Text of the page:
section 2(c) of Executive Order 13771 requires that the new incremental 
costs associated with new regulations shall, to the extent permitted by 
law, be offset by the elimination of existing costs associated with at 
least two prior regulations. OMB's interim guidance issued on February 
2, 2017, explains that for Fiscal Year 2017 the above requirements only 
apply to each new ``significant regulatory action that imposes costs.'' 
It has been determined that this proposed rule is not a ``significant 
regulatory action that imposes costs'' and thus does not trigger the 
above requirements of Executive Order 13771.''

List of Subjects

45 CFR Part 147

    Health care, Health insurance, Reporting and recordkeeping 
requirements.

45 CFR Part 155

    Administrative practice and procedure, Advertising, Brokers, 
Conflict of interest, Consumer protection, Grant administration, Grant 
programs--health, Health care, Health insurance, Health maintenance 
organizations (HMO), Health records, Hospitals, Indians, Individuals 
with disabilities, Intergovernmental relations, Loan programs--health, 
Medicaid, Organization and functions (Government agencies), Public 
assistance programs, Reporting and recordkeeping requirements, 
Technical assistance, Women and youth.

45 CFR Part 156

    Administrative practice and procedure, Advertising, American 
Indian/Alaska Natives, Conflict of interest, Consumer protection, Cost-
sharing reductions, Grant programs--health, Grants administration,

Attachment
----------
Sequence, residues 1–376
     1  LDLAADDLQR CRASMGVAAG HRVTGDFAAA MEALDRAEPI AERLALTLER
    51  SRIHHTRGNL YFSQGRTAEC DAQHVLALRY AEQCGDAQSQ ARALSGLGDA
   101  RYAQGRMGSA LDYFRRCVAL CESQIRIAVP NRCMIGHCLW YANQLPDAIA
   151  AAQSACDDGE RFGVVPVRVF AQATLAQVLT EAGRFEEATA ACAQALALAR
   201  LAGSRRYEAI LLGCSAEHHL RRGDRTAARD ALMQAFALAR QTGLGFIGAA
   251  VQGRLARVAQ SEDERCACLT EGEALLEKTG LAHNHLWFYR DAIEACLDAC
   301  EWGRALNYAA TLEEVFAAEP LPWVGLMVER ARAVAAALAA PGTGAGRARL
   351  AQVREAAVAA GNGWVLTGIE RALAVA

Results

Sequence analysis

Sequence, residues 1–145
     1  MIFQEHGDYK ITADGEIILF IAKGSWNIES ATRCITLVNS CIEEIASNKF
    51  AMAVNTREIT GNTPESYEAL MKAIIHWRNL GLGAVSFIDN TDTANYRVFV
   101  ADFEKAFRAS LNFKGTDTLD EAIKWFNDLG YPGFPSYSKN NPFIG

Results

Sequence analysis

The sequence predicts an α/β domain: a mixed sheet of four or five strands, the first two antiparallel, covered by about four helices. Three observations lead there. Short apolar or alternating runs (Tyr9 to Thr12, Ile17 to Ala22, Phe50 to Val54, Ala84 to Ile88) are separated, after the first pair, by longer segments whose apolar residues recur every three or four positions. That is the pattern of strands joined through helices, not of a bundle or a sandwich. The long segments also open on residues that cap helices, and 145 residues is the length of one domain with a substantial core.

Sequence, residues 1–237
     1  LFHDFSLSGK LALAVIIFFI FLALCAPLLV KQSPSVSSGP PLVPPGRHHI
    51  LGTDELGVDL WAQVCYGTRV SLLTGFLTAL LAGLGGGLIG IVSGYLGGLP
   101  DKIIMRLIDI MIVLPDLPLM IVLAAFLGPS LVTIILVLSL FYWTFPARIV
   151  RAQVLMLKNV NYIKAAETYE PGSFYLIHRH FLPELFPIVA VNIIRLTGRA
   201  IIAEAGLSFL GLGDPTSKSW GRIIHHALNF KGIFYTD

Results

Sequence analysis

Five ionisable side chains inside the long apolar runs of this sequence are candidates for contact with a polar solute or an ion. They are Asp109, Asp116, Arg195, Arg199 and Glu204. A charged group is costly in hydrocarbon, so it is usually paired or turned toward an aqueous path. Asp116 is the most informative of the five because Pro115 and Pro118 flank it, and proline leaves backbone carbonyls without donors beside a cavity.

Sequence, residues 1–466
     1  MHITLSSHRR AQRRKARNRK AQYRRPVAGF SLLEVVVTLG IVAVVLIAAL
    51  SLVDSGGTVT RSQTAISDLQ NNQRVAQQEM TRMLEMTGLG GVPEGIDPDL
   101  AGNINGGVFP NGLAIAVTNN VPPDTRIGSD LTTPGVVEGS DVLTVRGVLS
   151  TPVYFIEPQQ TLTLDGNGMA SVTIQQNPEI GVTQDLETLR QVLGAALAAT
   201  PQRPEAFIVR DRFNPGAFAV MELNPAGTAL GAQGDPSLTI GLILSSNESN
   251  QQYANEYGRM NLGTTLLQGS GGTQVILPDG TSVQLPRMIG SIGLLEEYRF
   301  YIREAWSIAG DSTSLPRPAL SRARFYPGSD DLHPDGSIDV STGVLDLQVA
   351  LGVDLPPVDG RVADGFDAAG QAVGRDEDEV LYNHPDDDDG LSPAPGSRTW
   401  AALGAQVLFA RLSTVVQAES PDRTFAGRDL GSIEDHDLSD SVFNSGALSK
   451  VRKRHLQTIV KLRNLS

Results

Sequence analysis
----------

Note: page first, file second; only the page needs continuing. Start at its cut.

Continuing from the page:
Health care, Health insurance, Health maintenance organization (HMO), 
Health records, Hospitals, Individuals with disabilities, Loan 
programs--health, Medicaid, Organization and functions (Government 
agencies), Public assistance programs, Reporting and recordkeeping 
requirements, State and local governments, Sunshine Act, Technical 
assistance, Women, Youth.

    For the reasons set forth in the preamble, the Department of Health 
and Human Services proposes to amend 45 CFR parts 147, 155, and 156 as 
set forth below:

PART 147--HEALTH INSURANCE REFORM REQUIREMENTS FOR THE GROUP AND 
INDIVIDUAL HEALTH INSURANCE MARKETS

0
1. The authority citation for part 147 continues to read as follows:

    Authority: Secs 2701 through 2763, 2791, and 2792 of the Public 
Health Service Act (42 U.S.C. 300gg through 300gg-63, 300gg-91, and 
300gg-92), as amended.

0
2. Section 147.104 is amended by revising paragraph (b)(2)(i) 
introductory text to read as follows:


Sec.  147.104  Guaranteed availability of coverage.

* * * * *
    (b) * * *
    (2) * * *
    (i) Subject to Sec.  155.420(a)(4) and (5) of this subchapter, a 
health insurance issuer in the individual market must provide a limited